I’ve spent the last hour sifting through an anthology of women poets. After touching on Adrienne Rich and Bella Akhmadulina, I landed on the arresting “Bird,” by a Hungarian poet named Agnes Nemes Nagy.


There’s a bird perched on my shoulder,
twin-bird, bird born with me.
It’s grown so large, grown so heavy
each step I take is torture.

Dead weight, dead weight, dead weight on me.
I’d shove it off – it’s tenacious,
it claws into my shoulder
like the roots of an oak tree.

An inch from my ear: the sound
of its horrible bird-heart throbbing.
If it flew off one day
I’d drop down to the ground.

Not to go all classroom on you, but… feel free to comment on what happens after she drops.

4 thoughts on ““Bird”

  1. Sandra says:

    She cries because she is happy, sad, and afraid all at the same time. Then she picks herself up and learns how to walk with a lighter load. For the first time she is able to recognize her own weight, her own worth.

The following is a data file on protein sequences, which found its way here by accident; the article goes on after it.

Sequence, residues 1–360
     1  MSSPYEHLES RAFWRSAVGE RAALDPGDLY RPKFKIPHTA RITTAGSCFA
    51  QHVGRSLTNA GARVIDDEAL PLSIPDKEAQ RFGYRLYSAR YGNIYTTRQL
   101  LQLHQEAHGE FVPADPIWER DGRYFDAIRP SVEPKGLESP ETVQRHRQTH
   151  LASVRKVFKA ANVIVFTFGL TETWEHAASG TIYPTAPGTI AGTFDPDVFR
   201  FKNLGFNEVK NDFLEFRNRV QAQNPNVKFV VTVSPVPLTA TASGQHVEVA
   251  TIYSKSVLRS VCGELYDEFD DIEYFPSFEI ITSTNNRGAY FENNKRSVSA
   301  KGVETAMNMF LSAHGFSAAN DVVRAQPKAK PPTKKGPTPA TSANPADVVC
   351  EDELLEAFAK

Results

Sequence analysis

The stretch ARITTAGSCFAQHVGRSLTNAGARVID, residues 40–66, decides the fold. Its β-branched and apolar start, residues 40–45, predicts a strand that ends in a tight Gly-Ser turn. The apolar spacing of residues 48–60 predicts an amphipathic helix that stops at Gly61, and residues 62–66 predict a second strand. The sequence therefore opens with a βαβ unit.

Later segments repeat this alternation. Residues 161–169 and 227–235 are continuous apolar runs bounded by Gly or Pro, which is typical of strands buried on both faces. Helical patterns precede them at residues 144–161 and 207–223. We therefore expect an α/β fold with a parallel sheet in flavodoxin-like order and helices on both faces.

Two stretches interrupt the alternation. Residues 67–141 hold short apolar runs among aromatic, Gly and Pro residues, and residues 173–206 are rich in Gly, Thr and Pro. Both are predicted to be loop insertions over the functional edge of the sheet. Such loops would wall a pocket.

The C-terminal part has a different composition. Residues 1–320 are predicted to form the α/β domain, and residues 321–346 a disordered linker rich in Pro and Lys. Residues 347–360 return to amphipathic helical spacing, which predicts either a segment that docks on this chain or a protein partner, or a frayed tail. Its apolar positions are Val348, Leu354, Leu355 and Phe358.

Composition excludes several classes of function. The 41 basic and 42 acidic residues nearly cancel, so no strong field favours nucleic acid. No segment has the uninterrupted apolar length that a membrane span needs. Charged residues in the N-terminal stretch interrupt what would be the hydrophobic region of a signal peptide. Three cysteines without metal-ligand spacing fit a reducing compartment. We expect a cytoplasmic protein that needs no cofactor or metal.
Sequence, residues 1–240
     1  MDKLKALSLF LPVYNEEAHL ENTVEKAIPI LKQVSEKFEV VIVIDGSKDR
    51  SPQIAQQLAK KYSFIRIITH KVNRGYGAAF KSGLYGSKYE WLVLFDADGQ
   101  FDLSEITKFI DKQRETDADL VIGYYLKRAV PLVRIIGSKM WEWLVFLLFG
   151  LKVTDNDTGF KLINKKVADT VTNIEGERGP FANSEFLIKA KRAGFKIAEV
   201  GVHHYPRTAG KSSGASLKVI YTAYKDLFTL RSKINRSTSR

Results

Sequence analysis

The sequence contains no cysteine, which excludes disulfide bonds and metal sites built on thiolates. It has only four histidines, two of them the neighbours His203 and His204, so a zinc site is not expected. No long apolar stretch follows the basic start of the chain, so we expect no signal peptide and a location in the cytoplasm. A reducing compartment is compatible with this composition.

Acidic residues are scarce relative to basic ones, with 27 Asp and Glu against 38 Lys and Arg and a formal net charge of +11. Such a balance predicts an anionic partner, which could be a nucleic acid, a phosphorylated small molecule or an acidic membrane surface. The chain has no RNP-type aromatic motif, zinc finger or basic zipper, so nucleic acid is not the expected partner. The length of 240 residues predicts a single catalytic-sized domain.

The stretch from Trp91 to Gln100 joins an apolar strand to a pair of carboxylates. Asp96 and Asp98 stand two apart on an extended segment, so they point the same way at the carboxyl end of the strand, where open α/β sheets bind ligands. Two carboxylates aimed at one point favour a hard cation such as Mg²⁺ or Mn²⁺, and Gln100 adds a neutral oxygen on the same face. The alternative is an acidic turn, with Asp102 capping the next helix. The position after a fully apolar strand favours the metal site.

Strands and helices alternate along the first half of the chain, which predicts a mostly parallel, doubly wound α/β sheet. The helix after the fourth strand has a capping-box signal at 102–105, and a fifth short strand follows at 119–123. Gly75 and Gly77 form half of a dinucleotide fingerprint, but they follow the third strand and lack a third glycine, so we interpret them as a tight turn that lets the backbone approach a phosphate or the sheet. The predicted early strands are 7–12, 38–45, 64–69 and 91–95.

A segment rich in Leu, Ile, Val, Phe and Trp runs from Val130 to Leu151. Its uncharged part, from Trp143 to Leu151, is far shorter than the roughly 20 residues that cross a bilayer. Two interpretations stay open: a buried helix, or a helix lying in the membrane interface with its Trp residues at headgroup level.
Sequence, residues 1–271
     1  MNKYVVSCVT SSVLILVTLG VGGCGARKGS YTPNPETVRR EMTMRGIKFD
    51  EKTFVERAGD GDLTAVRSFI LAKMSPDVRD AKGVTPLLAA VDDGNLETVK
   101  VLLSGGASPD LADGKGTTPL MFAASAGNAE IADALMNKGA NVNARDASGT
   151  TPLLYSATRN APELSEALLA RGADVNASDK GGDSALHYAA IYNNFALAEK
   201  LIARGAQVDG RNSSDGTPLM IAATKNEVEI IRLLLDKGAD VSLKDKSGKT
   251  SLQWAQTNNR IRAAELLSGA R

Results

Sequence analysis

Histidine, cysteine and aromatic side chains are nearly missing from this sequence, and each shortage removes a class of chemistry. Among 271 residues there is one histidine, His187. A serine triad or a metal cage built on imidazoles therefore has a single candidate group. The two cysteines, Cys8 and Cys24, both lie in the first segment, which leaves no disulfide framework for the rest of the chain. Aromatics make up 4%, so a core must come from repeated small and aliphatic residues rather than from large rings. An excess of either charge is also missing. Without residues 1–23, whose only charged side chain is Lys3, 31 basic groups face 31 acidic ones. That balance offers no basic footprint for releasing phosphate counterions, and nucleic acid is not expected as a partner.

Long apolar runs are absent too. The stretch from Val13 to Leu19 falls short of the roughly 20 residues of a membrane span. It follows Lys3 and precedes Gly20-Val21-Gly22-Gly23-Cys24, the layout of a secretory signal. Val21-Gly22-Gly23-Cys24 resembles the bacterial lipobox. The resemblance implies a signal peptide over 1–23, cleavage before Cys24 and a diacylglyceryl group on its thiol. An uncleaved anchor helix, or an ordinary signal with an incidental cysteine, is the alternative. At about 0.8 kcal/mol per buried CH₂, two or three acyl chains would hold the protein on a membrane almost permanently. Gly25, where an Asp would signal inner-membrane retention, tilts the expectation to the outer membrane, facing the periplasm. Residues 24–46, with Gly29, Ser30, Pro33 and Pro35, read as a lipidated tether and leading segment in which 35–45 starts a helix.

2. tealara says:

    Lying still on packed earth.
    Then, my own still-steady heartbeat,
    rhythmic breath; shards of light.

    That bird, my phantom twin,
    a shadow returning, returning.
    Screeching dissent
    as I reclaim power and strength.

    At last,
    with roots solidly gripping earth
    I launch skyward,
    myself alone.



Fill in your details below or click an icon to log in:

WordPress.com Logo

You are commenting using your WordPress.com account. Log Out /  Change )

Google photo

You are commenting using your Google account. Log Out /  Change )

Twitter picture

You are commenting using your Twitter account. Log Out /  Change )

Facebook photo

You are commenting using your Facebook account. Log Out /  Change )

Connecting to %s